Martin C. Barry
After receiving the unanimous endorsement of his riding association last Sunday, certifying him as the Quebec Liberal Party’s candidate in the upcoming provincial election, incumbent Chomedey MNA Guy Ouellette said the Laval region’s voters will send ‘six of out six’ Liberal MNAs to Quebec City if the currently ruling Liberals form another majority government.
“If we are six in Laval we are in power in Quebec City,” Ouellette said in an acceptance speech he delivered to supporters who gathered under a tent in the rear yard at Centre du Sablon. He urged all Liberals to speak to their neighbours and family about the necessity of getting out to vote on Oct. 1.
Although Chomedey is a longtime PLQ stronghold, and Laval’s five other provincial ridings are currently also Liberal, the Liberals’ political dominance of the region is by no means a certainty.
While the Liberals have been able count on support from the voters in Fabre, Vimont and Mille-Îles for more than a decade, the same cannot be said of Sainte Rose, which voted PQ as recently as 2012, or Laval-des-Rapides, where the voters have been notorious for vacilating in support between the PQ and the Liberals in numerous elections.
“Normally when we are six out of six, we’re in power in Quebec City with a majority government,” Ouellette said in an interview with the Laval News afterwards.
‘We need to be six’
“In the old days when the Parti Québécois was in power, only Chomedey stayed Liberal and the rest were Parti Québécois. For us, it’s really important to defend the interests of the people of Laval. That’s why we need to be six and we will work hard to be six.”
As Ouellette recalled, a minority PQ government in 2012 resulted in two Laval seats going to the PQ and four to the Liberals. However, with the PQ performing so lamentably heading into this election, and the Coalition Avenir Québec’s popularity rising proportionally, the political scenario in Laval could be changing.
Is CAQ cause for concern?
Asked whether he is concerned about the CAQ’s surge of good fortune, while also taking into account that the CAQ has become predominant just north of Laval in the North Shore region, Ouellette responded: “I think it’s a matter for the voters to see who can serve them best. Those who will be voting will have to consider whether they will be better served by a Liberal candidate or they want to make a change.”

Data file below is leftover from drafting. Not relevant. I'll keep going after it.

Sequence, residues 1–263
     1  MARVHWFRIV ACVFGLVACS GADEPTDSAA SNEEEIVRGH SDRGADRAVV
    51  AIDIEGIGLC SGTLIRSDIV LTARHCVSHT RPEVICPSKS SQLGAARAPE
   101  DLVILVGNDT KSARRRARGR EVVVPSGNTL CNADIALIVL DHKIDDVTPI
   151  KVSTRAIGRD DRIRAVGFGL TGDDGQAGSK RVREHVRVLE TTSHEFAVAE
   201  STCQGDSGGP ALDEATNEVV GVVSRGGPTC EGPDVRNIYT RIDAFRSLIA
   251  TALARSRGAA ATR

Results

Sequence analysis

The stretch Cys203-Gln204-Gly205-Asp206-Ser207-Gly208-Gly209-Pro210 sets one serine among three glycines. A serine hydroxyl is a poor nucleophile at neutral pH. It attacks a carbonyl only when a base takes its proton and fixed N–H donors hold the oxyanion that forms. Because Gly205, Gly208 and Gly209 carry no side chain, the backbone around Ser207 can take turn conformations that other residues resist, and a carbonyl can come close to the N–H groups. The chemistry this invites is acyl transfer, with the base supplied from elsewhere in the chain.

All the same, he stood by the incumbent Liberal government’s record. “We have started building a prosperous Quebec for our next generations,” said Ouellette. “Why break all this and restart insecurely? I think we will have to work hard and we need to convince every citizen that they get in their riding the best MNAs who are Liberal.”
A show of support
Among the guests at the gathering were former Chomedey Liberal MNA Lise Bacon, Quebec Consumer Protection Minister Lise Thériault, Mille-Îles Liberal MNA and Minister for Senior Citizens Francine Charbonneau, Fabre MNA Monique Sauvé, Laval-des-Rapides MNA Saul Polo, Sainte-Rose MNA Jean Habel and Sir Wilfrid Laurier School Board chairwoman Jennifer Maccarone.
Delivering a testimonial to Ouellette’s effectiveness as an MNA, SWLSB Ward 8 commissioner for the Chomedey area Vicky Kaliotzakis said: “When the Anglophone community of Laval was looking for a champion to help them get equalized taxes and lower the taxes he was there.
SWLSB official grateful
“He was the only MNA to deposit a petition in the National Assembly and he spoke publicly about this issue and lobbied to make real change that would help our minority position,” she continued. “He did make it political, he made it personal. He worked for us as though he were a member of the minority Anglophone community and he didn’t let us down.”
According to Kaliotzakis, Ouellette also stood up for the English-speaking community two years ago when the National Assembly’s proposed Bill 86 threatened to shut down school boards. “Guy was also there,” she pointed out, “even though it couldn’t have been easy.” She said Ouellette helped them fight for their rights to keep locally-elected representatives on school boards.